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Title:Elementary general music teachers’ pedagogy for reading traditional western staff notation
Author(s):Paluck, Channing A.
Director of Research:Barrett, Janet Revell
Doctoral Committee Chair(s):Barrett, Janet Revell
Doctoral Committee Member(s):Gallo, Donna J; McPherson, Gary E; Thibeault, Matthew D
Department / Program:Music
Discipline:Music Education
Degree Granting Institution:University of Illinois at Urbana-Champaign
Degree:Ph.D.
Genre:Dissertation
Subject(s):music reading
music notation
general music
elementary music
elementary general music
Abstract:Elementary general music focuses on the comprehensive development of skills over a wide range of musical possibilities. Even as elementary general music expands to embrace a myriad of ways of making music that do not involve traditional Western staff notation, teaching students to read staff notation still seems to be common in elementary general music classrooms. It is often included in the range of musical processes that are discussed when one reads through the guidelines set forth in the 1994 National Standards for Music Education (Stauffer & Davidson, 1996) and the 2014 Music Standards (National Association for Music Education [NAfME], 2014), textbooks for elementary general music method courses (e.g., Atterbury & Richardson, 1995; Campbell & Scott-Kassner, 2002), and books offering overviews of general music (Abril & Gault, 2016). Despite these various sources indicating that music reading is an important facet of elementary general music, little empirical research has been conducted to ascertain how elementary general music teachers teach this skill. The purpose of this study was to examine the pedagogical techniques and sequences employed by elementary general music teachers to teach the reading of staff notation. The research questions focused on what pedagogical techniques were used by elementary general music teachers in activities that prepared students to read staff notation, ones that facilitated the learning of staff notation, and those that applied students’ abilities to read staff notation. In this multiple case study (Stake, 2006), three elementary general music teachers from different schools and districts served as participants. Two were observed teaching students in Grade 3, and one was observed teaching students in Grade 5. Data were collected via interviews and classroom observations, and supplemented by photos of traditional Western staff notation and other teaching materials, worksheets, and slides used by the participants during instruction related to music reading. Assertions were generated via a cross-case analysis that was guided by the main research questions of the study. However, other assertions about the participants’ practice not directly related to one of the research questions also emerged. Common elements found in all participants’ practice were the use of syllable systems, classroom instruments, movement activities, and visual aids. The participants also usually focused on the teaching of pitch and rhythm separately. For activities aimed at preparing students to read pitch, teachers led exercises in which students echoed tonal patterns in major tonality, and all participants used movement activities to embody pitch relationships (mostly Curwen hand signs). For preparing rhythm reading, all used echoing exercises with Music Learning Theory (MLT) rhythm syllables. All activities to facilitate music reading were conducted in major tonality. The three participants used a specific sequence for introducing pitches with two using a sequence commonly associated with the Kodály approach and the other creating a sequence to enable recorder performance. Moreover, all three emphasized the link between the solfège taught through singing to reading pitch on the staff. In regard to reading rhythm, the teachers in this study led their students in reading quarter notes, eighth-note pairs, half notes, and quarter rests. The individual rhythmic figures were combined into patterns, sequences, and entire songs; and this was done via chanting MLT rhythm syllables or playing classroom instruments. Applications of students’ abilities to read staff notation included the use of barred Orff instruments, recorders, and other percussion. Two participants also led activities in which students composed rhythmic sequences from previously learned patterns. Finally, all the participants in this study made small adjustments to their teaching of music reading based on their districts’ formal curricula and interactions with music teacher colleagues within their schools and/or districts. Implications include the recognition that teaching staff notation can serve multiple purposes in a teacher’s curriculum and does not need to be the main focus of instruction in order to be engaging to students. Also, teachers can use an eclectic mix of the major approaches to elementary general music (viz., Orff, Dalcroze, Kodály, MLT, and the Generative Theory of Music Learning), and also endeavor to include exercises and materials of their own creation.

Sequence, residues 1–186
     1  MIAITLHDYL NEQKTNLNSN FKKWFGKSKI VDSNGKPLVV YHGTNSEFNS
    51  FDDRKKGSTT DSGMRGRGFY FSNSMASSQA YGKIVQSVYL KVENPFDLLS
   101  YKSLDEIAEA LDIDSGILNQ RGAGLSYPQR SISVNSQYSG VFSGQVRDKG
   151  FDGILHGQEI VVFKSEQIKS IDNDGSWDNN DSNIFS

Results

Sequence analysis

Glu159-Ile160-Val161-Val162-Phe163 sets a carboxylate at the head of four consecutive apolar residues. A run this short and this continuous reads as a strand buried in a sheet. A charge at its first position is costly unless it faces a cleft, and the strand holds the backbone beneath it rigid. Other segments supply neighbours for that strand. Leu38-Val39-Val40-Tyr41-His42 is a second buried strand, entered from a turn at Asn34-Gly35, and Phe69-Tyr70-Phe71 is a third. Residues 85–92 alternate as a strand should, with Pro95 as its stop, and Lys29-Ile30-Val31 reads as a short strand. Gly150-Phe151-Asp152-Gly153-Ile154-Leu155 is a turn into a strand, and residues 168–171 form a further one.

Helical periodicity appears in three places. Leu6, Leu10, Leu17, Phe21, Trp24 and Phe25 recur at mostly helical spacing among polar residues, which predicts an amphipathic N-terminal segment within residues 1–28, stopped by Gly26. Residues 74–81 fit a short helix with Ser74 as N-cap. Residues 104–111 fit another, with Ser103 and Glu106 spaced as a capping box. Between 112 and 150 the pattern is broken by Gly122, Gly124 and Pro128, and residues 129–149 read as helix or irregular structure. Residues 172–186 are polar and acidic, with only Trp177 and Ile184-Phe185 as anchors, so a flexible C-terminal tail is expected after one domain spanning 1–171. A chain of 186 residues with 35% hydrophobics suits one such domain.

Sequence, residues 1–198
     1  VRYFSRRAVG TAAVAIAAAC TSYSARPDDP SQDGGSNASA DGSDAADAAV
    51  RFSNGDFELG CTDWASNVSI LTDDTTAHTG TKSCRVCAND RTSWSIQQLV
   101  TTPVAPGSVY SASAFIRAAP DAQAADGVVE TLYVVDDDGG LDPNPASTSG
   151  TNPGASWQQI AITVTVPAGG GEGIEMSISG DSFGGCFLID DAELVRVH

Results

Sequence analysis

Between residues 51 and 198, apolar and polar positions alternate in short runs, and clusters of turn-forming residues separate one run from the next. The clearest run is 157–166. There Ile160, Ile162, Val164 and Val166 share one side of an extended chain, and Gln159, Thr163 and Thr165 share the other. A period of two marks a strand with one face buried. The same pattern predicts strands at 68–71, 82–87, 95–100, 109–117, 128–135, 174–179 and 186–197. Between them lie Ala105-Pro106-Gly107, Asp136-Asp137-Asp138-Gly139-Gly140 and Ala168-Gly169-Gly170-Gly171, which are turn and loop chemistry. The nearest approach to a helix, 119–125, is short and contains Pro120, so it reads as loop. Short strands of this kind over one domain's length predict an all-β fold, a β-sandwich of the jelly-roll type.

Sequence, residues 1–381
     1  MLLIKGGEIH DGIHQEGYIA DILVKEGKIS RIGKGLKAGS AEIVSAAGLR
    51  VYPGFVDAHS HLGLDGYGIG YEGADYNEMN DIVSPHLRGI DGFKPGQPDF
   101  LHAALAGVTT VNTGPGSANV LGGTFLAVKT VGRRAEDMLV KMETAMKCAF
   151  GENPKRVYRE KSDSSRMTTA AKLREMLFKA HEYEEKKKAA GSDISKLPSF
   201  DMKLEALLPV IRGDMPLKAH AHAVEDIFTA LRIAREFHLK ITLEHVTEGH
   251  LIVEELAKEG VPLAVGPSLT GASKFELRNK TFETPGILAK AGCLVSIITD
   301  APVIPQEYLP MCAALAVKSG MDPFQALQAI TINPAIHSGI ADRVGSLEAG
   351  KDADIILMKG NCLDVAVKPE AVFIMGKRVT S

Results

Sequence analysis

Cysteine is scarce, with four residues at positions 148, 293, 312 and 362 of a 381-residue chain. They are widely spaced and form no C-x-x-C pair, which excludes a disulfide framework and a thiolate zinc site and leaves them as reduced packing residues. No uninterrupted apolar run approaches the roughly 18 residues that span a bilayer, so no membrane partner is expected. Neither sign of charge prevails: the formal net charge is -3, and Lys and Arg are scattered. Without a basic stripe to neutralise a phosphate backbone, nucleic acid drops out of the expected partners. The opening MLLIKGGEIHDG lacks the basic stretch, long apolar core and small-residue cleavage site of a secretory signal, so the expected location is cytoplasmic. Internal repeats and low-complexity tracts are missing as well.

Issue Date:2021-10-22
Type:Thesis
URI:http://hdl.handle.net/2142/113825
Rights Information:© 2021 Channing A. Paluck
Date Available in IDEALS:2022-04-29
Date Deposited:2021-12


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